The first papers on Recombinant DNA technology began to appear in 1972 and the technology was patented in 1980, with human insulin as the first product released on the market. Monsanto Company quickly took notice and began some research and development of their own. They discovered that a certain soil bacteria known as Agrobacterium sp. strain CP4 produced a glyphosate-tolerant form of the enzyme EPSPS which was designated CP4-EPSPS (Monsanto, 2005). When the CP4-EPSPS gene is incorporated into a plant’s DNA, the resistant enzymes created will ultimately lead to a resistant plant. The resistance stems from the fact that there are extra copies of the novel CP4-EPSPS gene thus extra copies of the novel enzyme; CP4-EPSPS does not replace the EPSPS gene. This is the basic premise for all RR crops and the mechanism used by Monsanto to create immunity; but how does the gene get into the DNA?
Biolistic particle delivery systems also known as gene guns or biolistics are devices that have the ability to inject cells with genetic information. The bullet or payload is a heavy metal coated with Plasmid DNA. Plasmids, often found in bacteria, are double stranded DNA rings that have the ability to replicate independently of standard cellular DNA replication mechanisms. When used in genetic engineering a plasmid is known as a “vector”. Through breeding technology, microbiologists and geneticists are essentially able to insert the desired plasmid into a new bacteria cell, after the cell replicates they can ID the “incorporated” cells with antibodies, and thus isolate the desired plasmid. Once the plasmid has been isolated and replicated, it can be injected into any plant cell with biolistic technology. Monsanto Company used the Agrobacterium sp. plasmid PV-MSHT4 (Figure 2.0) as a vector and incorporated the CP4-EPSPS gene into the DNA of alfalfa. In reality, this was only the beginning, and was actually the easy part.
Alfalfa is a perennial, autotetrapolid with four sets of eight chromosomes (n=8 and 4×8=32 chromosomes). This means alfalfa contains four copies of all gene loci, a key feature to the success of the program. Alfalfa also exhibits genetic self-incompatibility or self-sterility, and is affected very negatively by inbreeding. Because of this trait and the inability to achieve “high trait purity” through self-crossing, a strategy was needed to minimize inbreeding depression. Forage Genetics International (FGI) in partnership with Monsanto Company developed a complex breeding system to prevent “inbreeding depression” and after 5+ years of subsequent field trials they had produced a viable seed. (Figure 1.0) The research found plants to have anywhere from 1-8 copies of the CP4-EPSPS gene, and that the RR phenotype was exhibited in the plant, no matter how many copies of the gene it had. Roundup Ready alfalfa was finally ready for the market (Monsanto, 2005).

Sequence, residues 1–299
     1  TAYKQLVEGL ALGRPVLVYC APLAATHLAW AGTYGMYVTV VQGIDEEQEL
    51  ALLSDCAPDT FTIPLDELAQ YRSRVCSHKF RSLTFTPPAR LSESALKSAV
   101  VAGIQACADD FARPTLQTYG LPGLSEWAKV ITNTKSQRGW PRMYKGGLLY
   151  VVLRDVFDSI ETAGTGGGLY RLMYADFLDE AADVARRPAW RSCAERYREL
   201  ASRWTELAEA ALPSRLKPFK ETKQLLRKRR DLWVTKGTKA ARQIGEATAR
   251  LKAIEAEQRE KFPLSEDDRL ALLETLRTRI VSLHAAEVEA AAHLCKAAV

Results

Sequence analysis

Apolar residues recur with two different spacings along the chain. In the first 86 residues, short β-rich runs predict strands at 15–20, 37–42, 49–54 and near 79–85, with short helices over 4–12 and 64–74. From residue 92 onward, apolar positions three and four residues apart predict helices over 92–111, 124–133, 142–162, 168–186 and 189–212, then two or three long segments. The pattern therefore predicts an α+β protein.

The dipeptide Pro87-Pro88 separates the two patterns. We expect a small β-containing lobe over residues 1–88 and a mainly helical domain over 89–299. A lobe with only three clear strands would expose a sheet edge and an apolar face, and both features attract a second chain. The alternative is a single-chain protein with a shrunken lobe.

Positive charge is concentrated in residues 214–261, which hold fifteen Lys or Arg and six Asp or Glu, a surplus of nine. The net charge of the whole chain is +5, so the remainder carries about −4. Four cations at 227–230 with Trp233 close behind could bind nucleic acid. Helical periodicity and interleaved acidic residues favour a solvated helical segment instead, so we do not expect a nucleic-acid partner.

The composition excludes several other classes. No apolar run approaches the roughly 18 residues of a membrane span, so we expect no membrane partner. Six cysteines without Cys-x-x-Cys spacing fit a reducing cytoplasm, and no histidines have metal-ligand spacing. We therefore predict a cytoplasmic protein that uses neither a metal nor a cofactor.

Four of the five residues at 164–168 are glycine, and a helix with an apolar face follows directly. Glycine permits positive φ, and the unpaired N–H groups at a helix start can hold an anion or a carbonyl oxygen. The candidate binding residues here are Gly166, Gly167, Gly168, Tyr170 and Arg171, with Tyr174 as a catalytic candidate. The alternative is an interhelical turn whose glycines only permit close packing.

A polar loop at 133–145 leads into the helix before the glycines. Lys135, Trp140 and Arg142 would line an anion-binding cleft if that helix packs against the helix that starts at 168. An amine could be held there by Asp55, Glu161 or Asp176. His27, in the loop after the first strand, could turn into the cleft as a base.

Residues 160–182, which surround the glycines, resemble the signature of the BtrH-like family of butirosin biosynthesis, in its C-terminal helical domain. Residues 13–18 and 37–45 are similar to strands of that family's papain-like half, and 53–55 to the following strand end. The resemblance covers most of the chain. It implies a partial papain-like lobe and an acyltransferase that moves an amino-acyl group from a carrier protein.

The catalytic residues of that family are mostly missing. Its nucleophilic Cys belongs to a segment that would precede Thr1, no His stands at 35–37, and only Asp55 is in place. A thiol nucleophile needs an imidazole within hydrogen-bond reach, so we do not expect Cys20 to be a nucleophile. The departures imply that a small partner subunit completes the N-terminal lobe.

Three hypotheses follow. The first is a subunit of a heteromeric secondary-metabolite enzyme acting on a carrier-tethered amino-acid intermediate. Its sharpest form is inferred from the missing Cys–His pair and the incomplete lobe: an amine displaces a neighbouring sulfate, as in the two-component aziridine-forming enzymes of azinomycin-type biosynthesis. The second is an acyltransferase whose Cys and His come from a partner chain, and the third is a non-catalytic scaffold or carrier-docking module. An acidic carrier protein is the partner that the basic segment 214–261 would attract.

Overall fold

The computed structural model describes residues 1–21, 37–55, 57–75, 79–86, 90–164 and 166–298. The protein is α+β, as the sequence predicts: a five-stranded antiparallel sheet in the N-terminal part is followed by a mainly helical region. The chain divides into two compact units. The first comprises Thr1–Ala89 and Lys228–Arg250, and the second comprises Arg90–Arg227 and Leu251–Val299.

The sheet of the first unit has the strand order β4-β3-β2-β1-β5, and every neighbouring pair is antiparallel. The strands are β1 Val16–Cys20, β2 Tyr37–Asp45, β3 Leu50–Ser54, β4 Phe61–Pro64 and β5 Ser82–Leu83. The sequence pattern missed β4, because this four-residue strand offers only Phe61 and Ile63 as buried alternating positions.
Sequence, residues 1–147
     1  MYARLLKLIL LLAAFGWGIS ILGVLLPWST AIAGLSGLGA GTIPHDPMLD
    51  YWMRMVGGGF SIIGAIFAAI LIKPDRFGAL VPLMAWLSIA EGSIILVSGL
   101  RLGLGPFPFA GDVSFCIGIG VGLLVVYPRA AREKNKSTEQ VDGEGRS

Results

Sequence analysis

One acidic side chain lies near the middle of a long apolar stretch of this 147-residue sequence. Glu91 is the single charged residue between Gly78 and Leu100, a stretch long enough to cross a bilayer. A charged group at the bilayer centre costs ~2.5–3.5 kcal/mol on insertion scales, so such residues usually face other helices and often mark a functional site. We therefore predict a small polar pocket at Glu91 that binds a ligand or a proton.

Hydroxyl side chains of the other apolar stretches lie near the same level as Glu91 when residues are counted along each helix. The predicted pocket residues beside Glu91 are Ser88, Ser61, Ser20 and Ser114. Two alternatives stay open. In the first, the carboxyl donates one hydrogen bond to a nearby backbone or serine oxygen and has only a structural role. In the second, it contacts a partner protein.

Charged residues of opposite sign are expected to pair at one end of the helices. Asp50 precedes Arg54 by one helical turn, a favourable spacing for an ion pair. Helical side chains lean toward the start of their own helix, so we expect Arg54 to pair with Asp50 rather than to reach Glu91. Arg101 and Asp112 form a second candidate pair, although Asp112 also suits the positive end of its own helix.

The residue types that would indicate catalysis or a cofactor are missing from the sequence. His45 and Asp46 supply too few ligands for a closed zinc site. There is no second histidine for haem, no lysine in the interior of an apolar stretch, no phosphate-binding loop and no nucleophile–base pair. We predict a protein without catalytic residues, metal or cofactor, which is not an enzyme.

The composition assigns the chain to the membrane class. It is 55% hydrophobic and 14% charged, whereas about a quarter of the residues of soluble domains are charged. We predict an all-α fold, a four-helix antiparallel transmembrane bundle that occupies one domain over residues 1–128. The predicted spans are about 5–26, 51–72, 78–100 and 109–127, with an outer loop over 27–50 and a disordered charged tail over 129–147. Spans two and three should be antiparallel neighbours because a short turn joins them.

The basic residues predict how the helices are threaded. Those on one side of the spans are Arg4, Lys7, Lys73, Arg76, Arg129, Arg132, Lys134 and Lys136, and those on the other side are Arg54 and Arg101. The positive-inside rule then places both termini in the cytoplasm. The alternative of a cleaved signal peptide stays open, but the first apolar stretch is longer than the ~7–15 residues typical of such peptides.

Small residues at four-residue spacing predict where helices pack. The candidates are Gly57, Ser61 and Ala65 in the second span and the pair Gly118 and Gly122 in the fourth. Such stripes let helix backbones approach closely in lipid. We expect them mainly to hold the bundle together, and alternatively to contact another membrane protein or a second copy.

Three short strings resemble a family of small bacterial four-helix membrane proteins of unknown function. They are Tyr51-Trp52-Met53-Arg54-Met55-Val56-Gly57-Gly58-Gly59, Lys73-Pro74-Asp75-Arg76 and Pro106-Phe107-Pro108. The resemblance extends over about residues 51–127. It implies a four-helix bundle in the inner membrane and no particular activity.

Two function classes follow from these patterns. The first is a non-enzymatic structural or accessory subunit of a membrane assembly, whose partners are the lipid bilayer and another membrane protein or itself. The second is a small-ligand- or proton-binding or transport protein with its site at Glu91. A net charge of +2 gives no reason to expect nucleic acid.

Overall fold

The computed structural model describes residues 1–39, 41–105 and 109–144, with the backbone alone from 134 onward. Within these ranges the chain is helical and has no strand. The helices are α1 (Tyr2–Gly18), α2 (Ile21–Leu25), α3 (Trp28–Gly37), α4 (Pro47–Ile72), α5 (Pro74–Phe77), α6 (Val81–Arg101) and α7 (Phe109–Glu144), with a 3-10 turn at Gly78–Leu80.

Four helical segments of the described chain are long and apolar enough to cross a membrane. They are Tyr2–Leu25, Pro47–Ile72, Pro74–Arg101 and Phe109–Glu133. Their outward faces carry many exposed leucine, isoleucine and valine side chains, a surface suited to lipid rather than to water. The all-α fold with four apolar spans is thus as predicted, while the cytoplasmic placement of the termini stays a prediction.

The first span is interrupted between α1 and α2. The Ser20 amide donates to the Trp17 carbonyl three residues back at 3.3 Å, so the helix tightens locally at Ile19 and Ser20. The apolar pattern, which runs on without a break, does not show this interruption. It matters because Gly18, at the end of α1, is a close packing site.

The U.S. Animal and Plant Health Inspection Service (APHIS) requires field trials and Ecological Impact Studies (EIS) for all new biotechnology crops, and in 2001 and 2002 an EIS study, funded by Monsanto have you, was conducted on 940 roadside sites of 47 counties in California, Idaho, Pennsylvania, South Dakota, and Wisconsin. Approximately 22% of the sites contained populations of “feral” alfalfa, the at risk species for gene transfer. Monsanto’s 2001 and 2002 EIS concluded: “Proximity of feral populations to cultivated alfalfa suggests that gene flow will occur between these populations. Gene flow in seed production regions, however, may be limited by the management practices used by seed producers to control feral populations and to ensure varietal genetic purity. In forage production systems, pollen flow from cultivated alfalfa is minimized by continual harvest of the forage at early bloom throughout the growing season. The consequences of gene flow from cultivated Roundup Ready alfalfa to feral alfalfa, in terms of increased pest potential, are low because (1) phenotypic evaluations concluded that the introduction of the Roundup Ready trait does not increase the fitness of alfalfa, (2) feral populations are not typically controlled using herbicides, and (3) where controlled, glyphosate is not the only herbicide used as other more, effective herbicides are available “ (Kendrick, 2001). After the EIS and other field trials in California, researches stated, “These results clearly demonstrate [that] there is a fit for Roundup Ready alfalfa in California.” Their conclusion did not come without a disclaimer however: RR alfalfa is not a “panacea” and weed resistance will still present problems in alfalfa production systems.